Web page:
Days after he angered Christians by comparing fiery cleric Tahir-ul-Qadri to the Pope, Pakistan Interior Minister Rehman Malik met a delegation of the minority community's leaders and extended "heart-felt apologies" for hurting their feelings by his "uncalled for" remarks.
Malik invited a delegation of Christian leaders led by National Supreme Council of Bishops Chairman Ishaq Mazhar Sandhu to his office on Monday and formally apologised for his remarks.
He contended he had made the remarks unintentionally and in the "heat of the moment."
Malik, known for his penchant for making off-the-cuff statements, had earned the ire of Christians by comparing Qadri to the Pope last week during the firebrand cleric's anti-government protest.
"I assure you gentlemen that I had no intentions to hurt anybody's religious feelings and whatever happened was absolutely unintended, though uncalled for.
"I myself received my early education in missionary schools and I respect not only Christians for their faith and beliefs but all the religions of the world and their followers, as that is the basic teaching of Islam," Malik was quoted as saying by the media.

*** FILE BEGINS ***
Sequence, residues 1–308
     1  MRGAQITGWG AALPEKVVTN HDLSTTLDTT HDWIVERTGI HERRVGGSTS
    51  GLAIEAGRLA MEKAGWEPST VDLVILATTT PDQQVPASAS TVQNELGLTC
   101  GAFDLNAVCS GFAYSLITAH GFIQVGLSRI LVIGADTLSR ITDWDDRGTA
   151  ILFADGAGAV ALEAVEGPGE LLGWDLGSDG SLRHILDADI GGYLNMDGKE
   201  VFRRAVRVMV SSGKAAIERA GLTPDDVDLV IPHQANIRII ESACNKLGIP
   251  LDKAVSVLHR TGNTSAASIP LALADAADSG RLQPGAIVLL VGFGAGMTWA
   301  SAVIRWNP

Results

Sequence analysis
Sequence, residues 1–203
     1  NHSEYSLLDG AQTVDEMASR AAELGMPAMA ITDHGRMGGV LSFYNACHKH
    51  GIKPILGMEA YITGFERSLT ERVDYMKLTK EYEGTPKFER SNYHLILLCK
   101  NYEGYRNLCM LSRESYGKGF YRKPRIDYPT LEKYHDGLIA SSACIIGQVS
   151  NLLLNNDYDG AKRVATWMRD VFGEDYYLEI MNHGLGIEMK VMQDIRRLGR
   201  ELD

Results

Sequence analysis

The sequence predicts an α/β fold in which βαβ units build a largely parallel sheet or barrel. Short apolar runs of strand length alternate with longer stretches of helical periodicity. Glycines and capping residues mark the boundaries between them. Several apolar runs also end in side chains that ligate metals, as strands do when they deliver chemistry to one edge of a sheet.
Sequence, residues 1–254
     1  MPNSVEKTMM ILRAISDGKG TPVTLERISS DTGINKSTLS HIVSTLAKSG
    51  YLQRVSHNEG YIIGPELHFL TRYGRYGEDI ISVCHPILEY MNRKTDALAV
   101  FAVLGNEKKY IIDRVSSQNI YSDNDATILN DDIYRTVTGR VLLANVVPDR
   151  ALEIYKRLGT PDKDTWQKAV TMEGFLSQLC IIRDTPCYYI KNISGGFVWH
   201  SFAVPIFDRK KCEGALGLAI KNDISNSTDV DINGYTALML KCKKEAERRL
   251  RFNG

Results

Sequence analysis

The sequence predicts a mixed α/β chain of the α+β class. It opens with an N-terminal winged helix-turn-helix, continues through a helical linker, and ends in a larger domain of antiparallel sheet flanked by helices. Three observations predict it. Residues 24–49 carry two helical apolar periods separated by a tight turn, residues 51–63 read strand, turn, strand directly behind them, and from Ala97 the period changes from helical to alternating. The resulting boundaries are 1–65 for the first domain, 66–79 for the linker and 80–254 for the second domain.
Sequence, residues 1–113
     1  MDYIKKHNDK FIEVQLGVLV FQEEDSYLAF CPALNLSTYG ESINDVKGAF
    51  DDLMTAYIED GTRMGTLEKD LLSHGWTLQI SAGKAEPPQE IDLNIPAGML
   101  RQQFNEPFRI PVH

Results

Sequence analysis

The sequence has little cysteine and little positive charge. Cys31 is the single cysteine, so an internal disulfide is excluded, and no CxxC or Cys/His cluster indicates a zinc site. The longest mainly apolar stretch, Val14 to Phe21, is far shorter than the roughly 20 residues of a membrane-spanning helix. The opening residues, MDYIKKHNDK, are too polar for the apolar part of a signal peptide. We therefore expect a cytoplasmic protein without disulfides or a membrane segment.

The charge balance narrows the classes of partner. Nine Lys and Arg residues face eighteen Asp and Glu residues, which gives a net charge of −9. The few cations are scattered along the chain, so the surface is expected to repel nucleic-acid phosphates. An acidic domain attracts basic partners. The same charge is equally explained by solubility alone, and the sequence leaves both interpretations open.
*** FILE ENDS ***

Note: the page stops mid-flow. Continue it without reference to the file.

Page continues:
"I hope you will understand the situation and accept my apology," he said.
Sandhu, who was accompanied by pastors Patras Salamat and Mushtaque Hakim, accepted Malik's apology.
"As we have said earlier, it must have been the result of all the excitement of the moment that Rehman Malik had uttered those words and we always hoped and wished that he would regret what he had said," Sandhu told reporters after the meeting.
Christian leaders contended that Malik's remarks comparing Qadri's attire to that of the Pope had also hurt the community.
Sandhu said Malik had taken some time to respond to protests by Christian leaders.
"We assure (him) that the Christian community will take this apology as an act of honour and not any sort of weakness on the part of the interior minister because this is very much in line with the basic teachings of Islam," he said.
He hoped Malik's apology would boost efforts to promote harmony and tolerance between followers of different religions.